As a diocese, we have been working through the exodus story all year. It is Abraham who prefigures that story and sets the stage for it. Centuries before his descendants begin their sojourn in Egypt, Abraham is called to leave his ancestral home in what is now Iraq or southwestern Turkey and make his way to Canaan; the area we know today as Israel and the West Bank (Genesis 12:1). God’s command to Abraham is emphatic: “Get up and go!” From the very beginning, the starting point of our relationship with God is a push to move out into a new place.
Not surprisingly, the rabbinical tradition has commented considerably and deeply on this command and its consequence. One midrash (commentary) likens Abraham’s call and response to a man who saw a building on fire, and asked who was in charge. The owner of the building looked out and answered, “I am in charge.” According to the midrash, the building on fire is the world, consumed by mercilessness and wrongdoing, and the owner of the building is God, who will not let the world go up in flame. The midrash proceeds to liken Abraham to the young bride in Psalm 45:11, who is being called from her birth family to a new family and a new set of relationships. (Midrash Rabbah, 39:1-3)
The point here is Abraham’s understanding of his call. On the one hand, Abraham is struck by the hurt he sees all around him, and by the power of God to put the fire of cruelty out. On the other, he is willing to give himself over to God, as to a spouse, in order to be part of that effort. For the rabbis, Abraham epitomizes the heart and soul of Israel’s vocation — a calling to be a witness to the care and mercy of the one, true God, and to be united to God in a relationship as intimate and personal as marriage.
Islam and Christianity, the two other religious traditions that revere Abraham as their spiritual ancestor, also claim this twofold calling. The so-called Abrahamic faiths are distinct in many ways, but they are bound together by the conviction that there is but one truth at the center of everything, and that truth is love. For all three communities, Abraham is the first person to pioneer and model the spiritual exodus we are invited into to this day. For Christians, of course, this exodus finds its culmination in Jesus, whom the author of Hebrews calls “the pioneer and perfecter of our faith” Hebrews 12:2). But as Paul reminds us repeatedly, the faith exemplified by Jesus is the faith revealed in Abraham, who put his whole trust in God.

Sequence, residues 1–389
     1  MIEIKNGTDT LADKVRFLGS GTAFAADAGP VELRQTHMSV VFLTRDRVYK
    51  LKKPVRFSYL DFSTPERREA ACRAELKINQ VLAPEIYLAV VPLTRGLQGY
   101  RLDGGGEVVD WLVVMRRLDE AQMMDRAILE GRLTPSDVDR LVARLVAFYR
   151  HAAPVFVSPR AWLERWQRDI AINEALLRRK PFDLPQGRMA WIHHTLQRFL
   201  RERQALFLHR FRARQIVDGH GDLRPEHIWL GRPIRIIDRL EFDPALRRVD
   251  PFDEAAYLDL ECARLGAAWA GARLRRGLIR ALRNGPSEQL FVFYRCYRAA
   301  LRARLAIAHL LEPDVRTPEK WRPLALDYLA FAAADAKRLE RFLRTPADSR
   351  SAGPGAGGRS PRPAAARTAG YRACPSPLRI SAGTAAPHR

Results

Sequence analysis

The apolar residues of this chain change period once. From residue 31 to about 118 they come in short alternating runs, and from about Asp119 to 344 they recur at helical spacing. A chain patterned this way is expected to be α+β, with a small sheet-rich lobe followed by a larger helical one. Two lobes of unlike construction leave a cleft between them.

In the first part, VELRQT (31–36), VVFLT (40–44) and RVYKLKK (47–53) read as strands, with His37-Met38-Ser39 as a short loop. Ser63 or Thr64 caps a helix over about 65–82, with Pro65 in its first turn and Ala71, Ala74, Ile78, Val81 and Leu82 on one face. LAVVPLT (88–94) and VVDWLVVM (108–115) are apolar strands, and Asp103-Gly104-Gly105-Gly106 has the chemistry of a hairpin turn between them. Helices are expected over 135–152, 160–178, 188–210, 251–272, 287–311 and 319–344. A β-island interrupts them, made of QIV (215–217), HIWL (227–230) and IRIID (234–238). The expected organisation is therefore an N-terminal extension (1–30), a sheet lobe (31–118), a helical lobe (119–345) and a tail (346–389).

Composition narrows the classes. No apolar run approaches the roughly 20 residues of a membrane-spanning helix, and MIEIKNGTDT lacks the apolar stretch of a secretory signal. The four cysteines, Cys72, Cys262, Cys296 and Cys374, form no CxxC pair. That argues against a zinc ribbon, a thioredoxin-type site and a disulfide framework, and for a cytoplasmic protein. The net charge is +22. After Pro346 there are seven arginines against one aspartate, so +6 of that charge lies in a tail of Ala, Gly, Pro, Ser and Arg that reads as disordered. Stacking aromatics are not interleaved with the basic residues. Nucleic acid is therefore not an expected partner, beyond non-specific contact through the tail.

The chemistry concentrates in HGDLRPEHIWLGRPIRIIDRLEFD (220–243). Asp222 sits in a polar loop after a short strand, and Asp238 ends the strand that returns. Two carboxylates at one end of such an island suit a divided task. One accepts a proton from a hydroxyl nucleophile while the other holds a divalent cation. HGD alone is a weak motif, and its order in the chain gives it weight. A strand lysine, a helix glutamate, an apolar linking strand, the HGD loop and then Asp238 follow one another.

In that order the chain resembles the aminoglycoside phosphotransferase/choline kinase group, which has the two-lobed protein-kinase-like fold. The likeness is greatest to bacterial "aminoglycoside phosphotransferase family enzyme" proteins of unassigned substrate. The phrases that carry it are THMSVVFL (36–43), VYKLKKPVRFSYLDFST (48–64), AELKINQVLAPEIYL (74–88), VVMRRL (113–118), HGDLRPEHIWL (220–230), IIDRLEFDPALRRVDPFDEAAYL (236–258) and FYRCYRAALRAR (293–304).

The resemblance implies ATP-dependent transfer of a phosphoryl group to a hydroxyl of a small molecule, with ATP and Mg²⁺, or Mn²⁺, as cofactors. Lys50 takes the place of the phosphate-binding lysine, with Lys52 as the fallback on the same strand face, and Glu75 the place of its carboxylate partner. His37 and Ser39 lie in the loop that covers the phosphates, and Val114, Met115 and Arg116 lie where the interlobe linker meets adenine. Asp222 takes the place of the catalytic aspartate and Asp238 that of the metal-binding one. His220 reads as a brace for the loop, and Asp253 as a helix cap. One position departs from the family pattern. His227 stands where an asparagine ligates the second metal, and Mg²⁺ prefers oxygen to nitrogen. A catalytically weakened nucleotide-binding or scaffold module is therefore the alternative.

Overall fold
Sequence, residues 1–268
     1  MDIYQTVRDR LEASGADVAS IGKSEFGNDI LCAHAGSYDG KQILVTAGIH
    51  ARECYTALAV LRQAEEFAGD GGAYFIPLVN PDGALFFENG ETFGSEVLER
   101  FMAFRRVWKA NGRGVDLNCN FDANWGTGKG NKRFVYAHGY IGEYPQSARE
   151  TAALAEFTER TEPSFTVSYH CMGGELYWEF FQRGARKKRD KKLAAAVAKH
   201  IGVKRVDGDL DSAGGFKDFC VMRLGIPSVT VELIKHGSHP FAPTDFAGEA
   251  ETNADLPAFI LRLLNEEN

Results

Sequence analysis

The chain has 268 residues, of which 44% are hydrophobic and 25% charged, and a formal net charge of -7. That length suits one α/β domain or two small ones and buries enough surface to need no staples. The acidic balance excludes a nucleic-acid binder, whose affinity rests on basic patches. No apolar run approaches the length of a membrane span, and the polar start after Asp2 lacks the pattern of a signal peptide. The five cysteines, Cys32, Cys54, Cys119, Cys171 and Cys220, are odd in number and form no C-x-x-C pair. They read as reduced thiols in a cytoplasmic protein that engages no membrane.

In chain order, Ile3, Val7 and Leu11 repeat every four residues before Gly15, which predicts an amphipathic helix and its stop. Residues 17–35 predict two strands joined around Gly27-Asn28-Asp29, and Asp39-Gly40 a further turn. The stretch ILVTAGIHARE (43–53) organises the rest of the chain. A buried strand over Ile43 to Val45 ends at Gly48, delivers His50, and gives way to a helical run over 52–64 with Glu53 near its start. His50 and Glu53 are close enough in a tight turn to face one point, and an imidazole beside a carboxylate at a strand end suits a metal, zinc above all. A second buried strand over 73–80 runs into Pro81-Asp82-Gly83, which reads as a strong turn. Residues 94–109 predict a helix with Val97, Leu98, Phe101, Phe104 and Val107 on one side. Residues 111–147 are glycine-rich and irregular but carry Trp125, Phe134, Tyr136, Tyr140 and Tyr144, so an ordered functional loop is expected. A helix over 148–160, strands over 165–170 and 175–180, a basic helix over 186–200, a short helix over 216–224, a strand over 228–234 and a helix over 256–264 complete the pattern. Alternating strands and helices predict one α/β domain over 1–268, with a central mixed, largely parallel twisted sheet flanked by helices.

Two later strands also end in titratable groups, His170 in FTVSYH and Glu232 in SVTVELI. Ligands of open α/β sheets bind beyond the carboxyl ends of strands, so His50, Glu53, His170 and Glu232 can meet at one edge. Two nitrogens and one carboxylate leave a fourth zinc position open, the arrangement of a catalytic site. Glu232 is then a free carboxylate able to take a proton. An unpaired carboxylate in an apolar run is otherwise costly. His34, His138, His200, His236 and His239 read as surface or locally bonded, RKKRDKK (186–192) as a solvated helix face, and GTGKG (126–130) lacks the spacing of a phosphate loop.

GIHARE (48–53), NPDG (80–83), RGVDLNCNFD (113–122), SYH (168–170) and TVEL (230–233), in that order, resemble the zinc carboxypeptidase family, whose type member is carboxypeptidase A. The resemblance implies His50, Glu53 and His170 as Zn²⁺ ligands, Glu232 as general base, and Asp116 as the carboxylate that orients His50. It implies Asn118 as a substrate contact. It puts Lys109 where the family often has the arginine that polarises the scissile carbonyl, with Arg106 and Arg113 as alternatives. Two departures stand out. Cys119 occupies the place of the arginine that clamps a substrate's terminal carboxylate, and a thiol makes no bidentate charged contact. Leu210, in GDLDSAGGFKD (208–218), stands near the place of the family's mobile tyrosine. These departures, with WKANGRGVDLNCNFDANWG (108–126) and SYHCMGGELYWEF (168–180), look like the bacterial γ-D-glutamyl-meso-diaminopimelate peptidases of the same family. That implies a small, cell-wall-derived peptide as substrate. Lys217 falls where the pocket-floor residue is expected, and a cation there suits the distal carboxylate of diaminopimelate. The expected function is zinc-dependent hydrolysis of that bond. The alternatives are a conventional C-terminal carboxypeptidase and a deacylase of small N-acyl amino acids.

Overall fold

For both Abraham and Jesus, that trust is tested to the uttermost. When God commands Abraham to offer his beloved child Isaac as a sacrifice, Abraham clings to the hope that God will provide a way out — as in fact he does. When Jesus, on the night before he dies, begs to be spared yet yields to the Father’s will, he demonstrates a trust that finds its reward in resurrection. We can thank God that we don’t have to equal Abraham, still less Jesus. What was an experience of excruciating challenge for them becomes the assurance of God’s kindliness to us. God does not lead us into suffering, but seeks to protect us from it, despite our frailty and our sin.
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The Rt. Rev. Thomas E. Breidenthal is the Bishop of the Diocese of Southern Ohio. Connect with him at email@example.com.